10 theatres added to 2022 Theatres at Risk Register
10 theatres have been added to the 2022 Register, far more than in any recent years, as the impact of the Covid-19 pandemic is felt across the theatre sector.
Now in its 16th year, the Theatres at Risk Register supports theatres under threat of closure, redevelopment or demolition across the UK, calling the public’s attention to these important buildings, their challenges, and the significant cultural opportunities they can bring to local communities.
Each of the 41 theatres on the register has strong architectural merit, cultural heritage or value to the local community as a performance venue. Crucially, all of them have the potential to be revived with the right support.
Unfortunately, this year we are starting to see the fuller impact of Covid – of prolonged closure on theatres but also on other businesses operating in former theatres and on local authorities’ budgets and property owners’ priorities. Alongside the ongoing risks of redevelopment and deterioration of vacant buildings, these issues mean there are now more theatres that we consider at risk.
Local authority closure or disposals
An emerging trend is for local authorities, in the face of increasing financial pressure, to consider permanent closure or disposal of the theatre buildings they own, with no guarantee that they’ll be kept in community use. This is the case with:
Theatres in other use put up for sale
Former theatre buildings that were in use as bingo halls, pubs or nightclubs are being sold by their private owners as demand for hospitality businesses was hit by lockdowns. We have added the following buildings to the list for this reason:
Threat of demolition and redevelopment
Aside from the devastating impact of Covid, theatre buildings continue to face the threat of demolition and redevelopment, which would see the loss of buildings where there is a clear local demand for performance venues. The following theatres have been added to this year’s list:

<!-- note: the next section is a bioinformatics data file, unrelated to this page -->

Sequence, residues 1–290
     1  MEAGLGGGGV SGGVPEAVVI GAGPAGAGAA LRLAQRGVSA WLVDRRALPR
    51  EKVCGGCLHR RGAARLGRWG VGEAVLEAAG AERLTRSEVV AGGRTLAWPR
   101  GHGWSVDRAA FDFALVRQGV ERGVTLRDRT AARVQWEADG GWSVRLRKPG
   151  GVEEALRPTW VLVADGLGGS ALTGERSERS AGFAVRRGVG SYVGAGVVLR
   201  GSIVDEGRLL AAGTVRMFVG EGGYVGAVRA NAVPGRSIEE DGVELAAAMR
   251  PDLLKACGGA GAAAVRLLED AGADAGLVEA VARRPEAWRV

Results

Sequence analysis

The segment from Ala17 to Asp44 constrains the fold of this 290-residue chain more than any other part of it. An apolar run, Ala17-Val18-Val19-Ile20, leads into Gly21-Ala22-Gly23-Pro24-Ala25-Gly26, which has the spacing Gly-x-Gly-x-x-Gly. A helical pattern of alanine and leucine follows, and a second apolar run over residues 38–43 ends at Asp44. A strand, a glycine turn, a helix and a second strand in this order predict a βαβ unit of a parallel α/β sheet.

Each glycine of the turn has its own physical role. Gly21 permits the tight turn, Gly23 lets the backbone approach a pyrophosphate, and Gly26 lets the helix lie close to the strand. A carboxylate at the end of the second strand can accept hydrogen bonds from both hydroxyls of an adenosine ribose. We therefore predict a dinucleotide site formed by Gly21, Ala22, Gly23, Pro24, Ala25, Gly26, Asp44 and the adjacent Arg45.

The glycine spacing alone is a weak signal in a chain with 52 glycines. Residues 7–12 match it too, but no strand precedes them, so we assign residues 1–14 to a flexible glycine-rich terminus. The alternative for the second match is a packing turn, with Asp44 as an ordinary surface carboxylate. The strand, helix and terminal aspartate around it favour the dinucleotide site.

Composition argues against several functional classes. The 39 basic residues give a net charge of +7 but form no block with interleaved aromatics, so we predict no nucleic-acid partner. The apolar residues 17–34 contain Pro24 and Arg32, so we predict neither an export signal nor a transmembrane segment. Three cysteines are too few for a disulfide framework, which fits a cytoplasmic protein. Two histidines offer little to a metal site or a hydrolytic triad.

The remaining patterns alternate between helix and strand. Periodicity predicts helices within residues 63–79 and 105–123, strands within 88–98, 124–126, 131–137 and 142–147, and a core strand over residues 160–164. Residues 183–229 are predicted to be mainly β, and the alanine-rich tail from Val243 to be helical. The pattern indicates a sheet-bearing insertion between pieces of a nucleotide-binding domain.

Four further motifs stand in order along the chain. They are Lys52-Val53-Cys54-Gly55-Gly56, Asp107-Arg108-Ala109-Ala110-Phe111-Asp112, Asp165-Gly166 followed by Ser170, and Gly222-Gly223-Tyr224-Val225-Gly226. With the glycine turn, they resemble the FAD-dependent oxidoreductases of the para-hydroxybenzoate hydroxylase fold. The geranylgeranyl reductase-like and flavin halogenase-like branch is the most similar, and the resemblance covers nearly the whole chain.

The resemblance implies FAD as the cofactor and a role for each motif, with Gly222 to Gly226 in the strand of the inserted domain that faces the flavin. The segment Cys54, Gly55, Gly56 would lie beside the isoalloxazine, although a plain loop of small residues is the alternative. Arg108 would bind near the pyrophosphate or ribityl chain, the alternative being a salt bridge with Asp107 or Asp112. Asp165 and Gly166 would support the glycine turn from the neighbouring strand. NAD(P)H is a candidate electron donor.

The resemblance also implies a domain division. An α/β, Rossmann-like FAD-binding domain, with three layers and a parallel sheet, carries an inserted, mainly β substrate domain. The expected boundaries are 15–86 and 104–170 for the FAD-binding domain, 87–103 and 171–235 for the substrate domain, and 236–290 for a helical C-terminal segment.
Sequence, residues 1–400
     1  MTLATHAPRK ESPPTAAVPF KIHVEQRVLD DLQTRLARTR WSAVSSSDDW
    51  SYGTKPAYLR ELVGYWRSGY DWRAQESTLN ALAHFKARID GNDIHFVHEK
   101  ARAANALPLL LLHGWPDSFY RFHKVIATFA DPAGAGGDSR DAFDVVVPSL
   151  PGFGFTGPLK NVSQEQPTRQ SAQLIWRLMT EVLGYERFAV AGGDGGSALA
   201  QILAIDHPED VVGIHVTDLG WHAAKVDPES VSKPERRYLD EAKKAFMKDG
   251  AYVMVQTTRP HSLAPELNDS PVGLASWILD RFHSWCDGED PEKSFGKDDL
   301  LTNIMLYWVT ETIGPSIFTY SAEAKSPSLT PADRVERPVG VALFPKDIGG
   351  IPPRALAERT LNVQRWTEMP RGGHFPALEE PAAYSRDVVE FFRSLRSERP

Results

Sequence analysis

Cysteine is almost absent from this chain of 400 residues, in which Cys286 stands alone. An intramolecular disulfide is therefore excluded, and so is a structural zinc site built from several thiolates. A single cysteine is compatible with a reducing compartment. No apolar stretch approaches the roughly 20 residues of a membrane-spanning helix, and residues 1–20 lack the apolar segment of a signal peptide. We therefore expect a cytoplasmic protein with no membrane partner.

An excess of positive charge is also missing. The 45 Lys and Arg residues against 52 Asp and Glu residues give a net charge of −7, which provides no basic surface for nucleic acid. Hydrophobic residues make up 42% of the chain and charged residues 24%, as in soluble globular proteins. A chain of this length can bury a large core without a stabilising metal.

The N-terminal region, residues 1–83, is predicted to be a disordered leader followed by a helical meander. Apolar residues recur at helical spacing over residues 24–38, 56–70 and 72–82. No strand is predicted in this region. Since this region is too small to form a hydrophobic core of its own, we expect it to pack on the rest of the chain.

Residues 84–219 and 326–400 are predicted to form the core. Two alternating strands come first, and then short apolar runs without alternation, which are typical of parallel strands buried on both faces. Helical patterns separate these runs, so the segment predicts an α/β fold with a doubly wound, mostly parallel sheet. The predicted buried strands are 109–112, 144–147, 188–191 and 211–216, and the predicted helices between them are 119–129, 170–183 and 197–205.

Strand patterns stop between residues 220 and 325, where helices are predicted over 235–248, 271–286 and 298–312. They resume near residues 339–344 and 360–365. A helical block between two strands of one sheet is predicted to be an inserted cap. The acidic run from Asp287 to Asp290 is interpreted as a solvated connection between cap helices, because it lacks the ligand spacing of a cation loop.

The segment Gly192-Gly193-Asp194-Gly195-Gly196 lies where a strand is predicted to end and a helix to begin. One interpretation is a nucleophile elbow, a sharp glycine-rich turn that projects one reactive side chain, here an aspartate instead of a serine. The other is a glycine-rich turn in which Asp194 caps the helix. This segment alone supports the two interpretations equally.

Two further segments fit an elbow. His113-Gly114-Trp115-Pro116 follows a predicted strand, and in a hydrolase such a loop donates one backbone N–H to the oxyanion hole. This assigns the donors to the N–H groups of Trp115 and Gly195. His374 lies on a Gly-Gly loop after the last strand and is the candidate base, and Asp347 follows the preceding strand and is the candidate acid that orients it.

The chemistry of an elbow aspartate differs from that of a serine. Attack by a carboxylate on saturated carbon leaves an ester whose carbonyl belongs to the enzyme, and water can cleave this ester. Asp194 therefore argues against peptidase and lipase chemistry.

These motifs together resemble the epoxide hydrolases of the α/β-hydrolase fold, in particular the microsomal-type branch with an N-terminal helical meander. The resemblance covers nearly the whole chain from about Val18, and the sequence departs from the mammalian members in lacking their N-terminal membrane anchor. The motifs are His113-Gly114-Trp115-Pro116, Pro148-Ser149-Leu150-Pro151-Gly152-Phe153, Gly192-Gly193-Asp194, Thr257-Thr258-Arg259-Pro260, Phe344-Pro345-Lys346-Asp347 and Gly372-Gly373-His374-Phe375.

Vacant and deteriorating
There are now increasing concerns over the condition of two buildings, which have been empty for several years and their building condition has now deteriorated to the point that they are in danger of being irreparably damaged:
Covid has inevitably been a setback for many of the theatres that were already on the Theatres at Risk Register, but the progress made in recent years at theatres including Burnley Empire, Leith Theatre and Morecambe Winter Gardens shows that it is possible to breathe new life into previously neglected theatres with passionate community support and a concerted collaborative effort.
These are long-term projects with no quick fix, but each of these theatres has benefitted from dedicated individuals and organisations, and the belief that these buildings can once more become vibrant social and cultural hubs.
Interested in supporting your local Theatre at Risk? Read our top tips for campaign groups or how local authorities can support Theatres at Risk.
- Netherton Arts Centre - photo by Richard Clee
- Southport Garrick Theatre - photo by Ian Grundy
- Amulet Theatre - photo by Karen Mercer
- Regent Theatre - photo by Ian Grundy